Significant improvement of environmental footprint of paper sacks

Date: 25.02.2021Source: CEPI Eurokraft

The European kraft paper and paper sack industry has put further efforts into improving its carbon footprint. In only three years, between 2015 and 2018, the carbon intensity of a single paper sack was reduced by 8%. This is concluded by the latest carbon footprint analysis on European paper sacks conducted by the Swedish research institute RISE on behalf of the European Paper Sack Research Group (ESG), a collaboration between EUROSAC and CEPI Eurokraft. An infographic presents the most important results.

The recently published report by RISE on the fossil carbon footprint of average European paper sacks summarises an impressive achievement: in this three-year period, the industry improved its emissions during the subsequent stages of production from cradle to the factory gate by 8%, from 92 g CO2e to 85 g CO2e. Part of the explanation for this is light-weighting effects based on an improved paper quality and a reduction of the share of other materials such as plastic films in the paper sack. Per tonne of sack kraft paper the fossil carbon impact decreased by 0.5% from 458 kg CO2e in 2015 to 455 kg CO2e in 2018. The emissions arising during kraft paper production account for 66% of the total carbon footprint for each individual paper sack.

Says Catherine Plitzko-Kerninon, General Delegate, EUROSAC: “With a reduction of the emissions by 40% to even 55%, the European Union has set an ambitious target for 2030,”  “Paper sacks are a low carbon, circular and bio-based packaging solution – this is a good starting point for our industry to contribute to its achievement.”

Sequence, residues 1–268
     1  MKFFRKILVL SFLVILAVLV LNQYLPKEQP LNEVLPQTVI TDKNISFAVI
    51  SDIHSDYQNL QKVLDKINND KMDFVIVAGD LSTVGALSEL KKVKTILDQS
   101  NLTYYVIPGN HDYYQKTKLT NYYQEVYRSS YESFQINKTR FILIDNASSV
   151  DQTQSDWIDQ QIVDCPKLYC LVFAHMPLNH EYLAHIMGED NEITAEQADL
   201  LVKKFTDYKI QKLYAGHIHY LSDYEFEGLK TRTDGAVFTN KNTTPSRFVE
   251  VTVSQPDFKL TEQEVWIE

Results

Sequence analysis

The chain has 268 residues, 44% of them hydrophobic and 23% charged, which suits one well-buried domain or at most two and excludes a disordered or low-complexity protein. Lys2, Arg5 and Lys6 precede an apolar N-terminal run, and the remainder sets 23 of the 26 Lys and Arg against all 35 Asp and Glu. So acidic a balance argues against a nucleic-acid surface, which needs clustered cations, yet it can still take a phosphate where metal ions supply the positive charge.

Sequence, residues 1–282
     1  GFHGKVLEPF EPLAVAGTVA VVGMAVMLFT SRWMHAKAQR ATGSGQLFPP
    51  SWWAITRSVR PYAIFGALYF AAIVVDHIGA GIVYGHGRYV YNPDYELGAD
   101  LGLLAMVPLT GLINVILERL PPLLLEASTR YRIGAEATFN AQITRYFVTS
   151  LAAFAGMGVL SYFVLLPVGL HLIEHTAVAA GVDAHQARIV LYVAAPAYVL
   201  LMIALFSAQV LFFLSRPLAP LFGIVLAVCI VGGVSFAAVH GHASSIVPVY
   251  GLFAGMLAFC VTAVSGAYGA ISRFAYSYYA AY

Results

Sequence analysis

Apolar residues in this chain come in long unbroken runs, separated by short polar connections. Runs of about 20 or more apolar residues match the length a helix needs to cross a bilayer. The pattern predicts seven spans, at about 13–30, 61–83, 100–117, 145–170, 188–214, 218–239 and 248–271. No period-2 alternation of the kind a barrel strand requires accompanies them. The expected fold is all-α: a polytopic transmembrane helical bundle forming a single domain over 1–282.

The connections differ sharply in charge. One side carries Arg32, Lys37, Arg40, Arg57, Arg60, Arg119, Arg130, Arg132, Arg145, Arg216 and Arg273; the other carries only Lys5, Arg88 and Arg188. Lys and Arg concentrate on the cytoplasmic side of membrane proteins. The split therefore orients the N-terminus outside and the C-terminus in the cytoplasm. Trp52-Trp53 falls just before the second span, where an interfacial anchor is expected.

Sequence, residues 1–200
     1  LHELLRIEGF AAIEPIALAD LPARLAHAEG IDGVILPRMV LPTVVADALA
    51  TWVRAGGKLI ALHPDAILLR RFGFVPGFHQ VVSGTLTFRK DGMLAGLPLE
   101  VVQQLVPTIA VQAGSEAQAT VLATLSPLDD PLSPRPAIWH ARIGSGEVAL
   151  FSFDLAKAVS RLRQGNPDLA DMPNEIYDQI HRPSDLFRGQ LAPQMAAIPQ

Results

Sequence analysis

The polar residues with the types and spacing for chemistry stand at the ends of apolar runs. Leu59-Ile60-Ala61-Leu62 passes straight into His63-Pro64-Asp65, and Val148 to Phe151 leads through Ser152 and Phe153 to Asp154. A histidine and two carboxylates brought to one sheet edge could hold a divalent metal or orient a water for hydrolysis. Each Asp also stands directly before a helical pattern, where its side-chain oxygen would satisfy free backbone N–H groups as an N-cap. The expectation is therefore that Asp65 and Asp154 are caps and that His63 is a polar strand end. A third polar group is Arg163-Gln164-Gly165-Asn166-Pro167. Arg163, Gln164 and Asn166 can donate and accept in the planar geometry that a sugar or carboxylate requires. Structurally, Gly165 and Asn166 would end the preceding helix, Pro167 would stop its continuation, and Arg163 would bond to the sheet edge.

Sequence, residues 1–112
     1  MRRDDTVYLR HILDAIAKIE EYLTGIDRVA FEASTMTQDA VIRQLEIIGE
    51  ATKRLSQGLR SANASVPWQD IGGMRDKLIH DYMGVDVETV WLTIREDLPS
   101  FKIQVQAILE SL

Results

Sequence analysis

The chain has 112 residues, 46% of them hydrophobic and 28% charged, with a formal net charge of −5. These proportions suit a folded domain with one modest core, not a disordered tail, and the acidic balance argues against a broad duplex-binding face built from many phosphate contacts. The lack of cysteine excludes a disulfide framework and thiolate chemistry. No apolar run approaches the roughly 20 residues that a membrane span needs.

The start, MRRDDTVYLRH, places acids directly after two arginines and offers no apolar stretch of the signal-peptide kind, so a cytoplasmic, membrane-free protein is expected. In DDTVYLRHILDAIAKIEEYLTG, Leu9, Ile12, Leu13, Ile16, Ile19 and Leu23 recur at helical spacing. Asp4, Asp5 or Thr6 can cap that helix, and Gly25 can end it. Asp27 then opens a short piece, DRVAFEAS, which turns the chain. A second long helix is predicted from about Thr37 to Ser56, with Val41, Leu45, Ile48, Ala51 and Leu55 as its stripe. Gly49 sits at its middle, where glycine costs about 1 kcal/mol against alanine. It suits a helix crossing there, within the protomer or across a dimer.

One key factor is a climate-friendly production: already today, the production of sack kraft paper is, to a high degree, energy self-sufficient: 77% of all energy needs (heat and electricity) is generated on-site. Adding to that, the production uses a high degree of renewable energy sources: 89% of the fuels are renewable and used to generate heat, steam and electricity. Most of them, that is 81%, are produced as side streams of the pulp and papermaking process.

When extending the analysis to include biogenic greenhouse gas emissions and removals in the calculation, paper sacks would already be climate-positive packaging solutions today. Biogenic emissions arise from the combustion or degradation of biofuels and bio-based products. The removals refer to the carbon sequestration that is associated with forest management, the production of biofuels and of bio-based non-fibre inputs. In 2018, the cradle-to-gate biogenic carbon footprint accounts for –120 g CO2e per paper sack. In combination with the cradle-to-gate fossil carbon footprint of 85 g CO2e per sack, the result would even be at –35 g CO2e per paper sack which has a positive impact on the climate. For more visit cepi-eurokraft.org

David Cox / IDM

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